Looked at on one side, the history of humbug is truly humiliating to intellectual pride, yet the long silly story is less absurd during the later ages of history,[18] and grows less and less so in proportion to the spread of real Christianity. This religion promotes good sense, actual knowledge, contentment with what we cannot help, and the exclusive use of intelligent means for increasing human happiness and decreasing human sorrow. And whenever the time shall come when men are kind and just and honest; when they only want what is fair and right, judge only on real and true evidence, and take nothing for granted, then there will be no place left for any humbugs, either harmless or hurtful.



Upon a careful consideration of my undertaking to give an account of the “Humbugs of the World,” I find myself somewhat puzzled in regard to the true definition of that word. To be sure, Webster says that humbug, as a noun, is an “imposition under fair pretences;” and as a verb, it is “to deceive; to impose on.” With all due deference to Doctor Webster, I submit that, according to present usage, this is not the only, nor even the generally accepted definition of that term.

We will suppose, for instance, that a man with “fair pretences” applies to a wholesale merchant for credit on a large bill of goods. His “fair pretences” compre[19]hend an assertion that he is a moral and religious man, a member of the church, a man of wealth, etc., etc. It turns out that he is not worth a dollar, but is a base, lying wretch, an impostor and a cheat. He is arrested and imprisoned “for obtaining property under false pretences” or, as Webster says, “fair pretences.” He is punished for his villainy. The public do not call him a “humbug;” they very properly term him a swindler.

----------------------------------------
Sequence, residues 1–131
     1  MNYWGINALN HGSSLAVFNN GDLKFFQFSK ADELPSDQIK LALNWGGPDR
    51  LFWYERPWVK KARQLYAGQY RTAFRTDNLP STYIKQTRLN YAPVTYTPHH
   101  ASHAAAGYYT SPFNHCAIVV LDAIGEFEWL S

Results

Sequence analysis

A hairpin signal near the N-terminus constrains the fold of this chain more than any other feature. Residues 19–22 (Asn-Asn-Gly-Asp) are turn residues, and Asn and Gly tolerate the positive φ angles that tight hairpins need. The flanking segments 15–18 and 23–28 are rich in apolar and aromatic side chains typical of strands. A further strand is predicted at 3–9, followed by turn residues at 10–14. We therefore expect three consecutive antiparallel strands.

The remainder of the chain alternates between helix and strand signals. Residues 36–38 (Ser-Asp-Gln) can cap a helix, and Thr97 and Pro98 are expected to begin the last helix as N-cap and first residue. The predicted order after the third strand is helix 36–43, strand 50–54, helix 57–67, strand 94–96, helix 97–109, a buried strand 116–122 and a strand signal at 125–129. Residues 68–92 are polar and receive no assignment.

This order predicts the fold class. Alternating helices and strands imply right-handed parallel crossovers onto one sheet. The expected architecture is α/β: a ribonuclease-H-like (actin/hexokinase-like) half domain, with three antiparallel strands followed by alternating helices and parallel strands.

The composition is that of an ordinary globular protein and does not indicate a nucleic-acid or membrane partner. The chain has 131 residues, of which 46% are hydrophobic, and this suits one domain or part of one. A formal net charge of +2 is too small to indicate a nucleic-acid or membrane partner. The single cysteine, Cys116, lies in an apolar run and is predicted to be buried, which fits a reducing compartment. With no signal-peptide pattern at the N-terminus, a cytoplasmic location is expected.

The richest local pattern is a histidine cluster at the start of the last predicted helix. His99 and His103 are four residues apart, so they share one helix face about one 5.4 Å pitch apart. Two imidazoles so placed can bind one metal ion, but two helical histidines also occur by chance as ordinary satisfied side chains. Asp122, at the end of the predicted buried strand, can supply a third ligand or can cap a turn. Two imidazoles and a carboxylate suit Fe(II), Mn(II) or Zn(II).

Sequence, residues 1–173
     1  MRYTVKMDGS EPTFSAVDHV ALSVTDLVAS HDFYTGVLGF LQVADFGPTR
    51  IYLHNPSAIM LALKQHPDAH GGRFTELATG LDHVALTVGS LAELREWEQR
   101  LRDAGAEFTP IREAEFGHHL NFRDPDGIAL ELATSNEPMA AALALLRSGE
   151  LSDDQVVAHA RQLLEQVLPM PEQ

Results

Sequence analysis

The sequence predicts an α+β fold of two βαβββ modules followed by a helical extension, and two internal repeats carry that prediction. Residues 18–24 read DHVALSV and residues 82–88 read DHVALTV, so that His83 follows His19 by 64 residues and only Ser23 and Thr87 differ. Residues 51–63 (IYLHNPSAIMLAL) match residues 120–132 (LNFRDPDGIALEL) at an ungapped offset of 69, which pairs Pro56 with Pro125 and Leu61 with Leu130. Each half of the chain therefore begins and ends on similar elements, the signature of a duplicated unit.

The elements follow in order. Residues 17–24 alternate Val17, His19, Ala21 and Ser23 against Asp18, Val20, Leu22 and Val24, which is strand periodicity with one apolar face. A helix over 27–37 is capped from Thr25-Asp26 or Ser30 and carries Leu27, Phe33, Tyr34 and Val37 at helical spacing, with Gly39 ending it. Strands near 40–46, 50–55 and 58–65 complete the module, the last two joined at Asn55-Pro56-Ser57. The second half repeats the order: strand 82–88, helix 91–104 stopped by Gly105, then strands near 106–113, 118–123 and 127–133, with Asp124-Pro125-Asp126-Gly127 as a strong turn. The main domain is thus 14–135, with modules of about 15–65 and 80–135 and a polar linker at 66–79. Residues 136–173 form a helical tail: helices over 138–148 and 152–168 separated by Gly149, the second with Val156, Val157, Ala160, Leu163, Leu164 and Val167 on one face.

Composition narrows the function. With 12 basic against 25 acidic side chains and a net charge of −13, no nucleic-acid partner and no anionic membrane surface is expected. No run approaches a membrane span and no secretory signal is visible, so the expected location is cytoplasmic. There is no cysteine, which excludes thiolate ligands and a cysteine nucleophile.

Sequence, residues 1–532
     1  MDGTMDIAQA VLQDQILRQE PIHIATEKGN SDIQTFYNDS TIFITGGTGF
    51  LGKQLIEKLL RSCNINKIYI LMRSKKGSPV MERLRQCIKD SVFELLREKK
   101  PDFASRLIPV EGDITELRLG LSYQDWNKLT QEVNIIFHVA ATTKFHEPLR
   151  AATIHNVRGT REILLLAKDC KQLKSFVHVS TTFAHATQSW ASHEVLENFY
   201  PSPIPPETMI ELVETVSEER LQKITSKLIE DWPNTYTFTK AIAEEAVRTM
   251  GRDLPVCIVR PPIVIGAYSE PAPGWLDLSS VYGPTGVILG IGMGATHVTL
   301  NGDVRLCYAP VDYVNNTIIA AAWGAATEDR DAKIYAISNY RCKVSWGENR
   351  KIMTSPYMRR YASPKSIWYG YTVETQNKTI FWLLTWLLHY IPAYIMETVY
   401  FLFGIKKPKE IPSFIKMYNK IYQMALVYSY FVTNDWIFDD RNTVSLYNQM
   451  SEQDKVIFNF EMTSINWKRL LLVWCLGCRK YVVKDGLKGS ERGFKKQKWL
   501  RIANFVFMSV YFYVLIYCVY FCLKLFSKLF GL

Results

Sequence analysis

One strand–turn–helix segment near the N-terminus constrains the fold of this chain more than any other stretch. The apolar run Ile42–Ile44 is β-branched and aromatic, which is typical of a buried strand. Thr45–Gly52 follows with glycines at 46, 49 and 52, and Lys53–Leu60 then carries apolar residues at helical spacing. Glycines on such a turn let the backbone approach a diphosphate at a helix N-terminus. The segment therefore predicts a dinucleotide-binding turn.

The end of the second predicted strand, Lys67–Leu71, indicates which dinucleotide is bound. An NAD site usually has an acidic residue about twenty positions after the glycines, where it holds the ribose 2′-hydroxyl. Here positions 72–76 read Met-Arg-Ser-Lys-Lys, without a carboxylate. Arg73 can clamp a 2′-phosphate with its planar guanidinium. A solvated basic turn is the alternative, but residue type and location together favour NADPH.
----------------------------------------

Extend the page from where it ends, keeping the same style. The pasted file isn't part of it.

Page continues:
A man, bearing the appearance of a gentleman in dress and manners, purchases property from you, and with “fair pretences” obtains your confidence. You find, when he has left, that he paid you with counterfeit bank-notes, or a forged draft. This man is justly called a “forger,” or “counterfeiter;” and if arrested, he is punished as such; but nobody thinks of calling him a “humbug.”

A respectable-looking man sits by your side in an omnibus or rail-car. He converses fluently, and is evidently a man of intelligence and reading. He attracts your attention by his “fair pretences.” Arriving at your journey’s end, you miss your watch and your pocket-book. Your fellow passenger proves to be the thief. Everybody calls him a “pickpocket,” and not withstanding his “fair pretences,” not a person in the community calls him a “humbug.”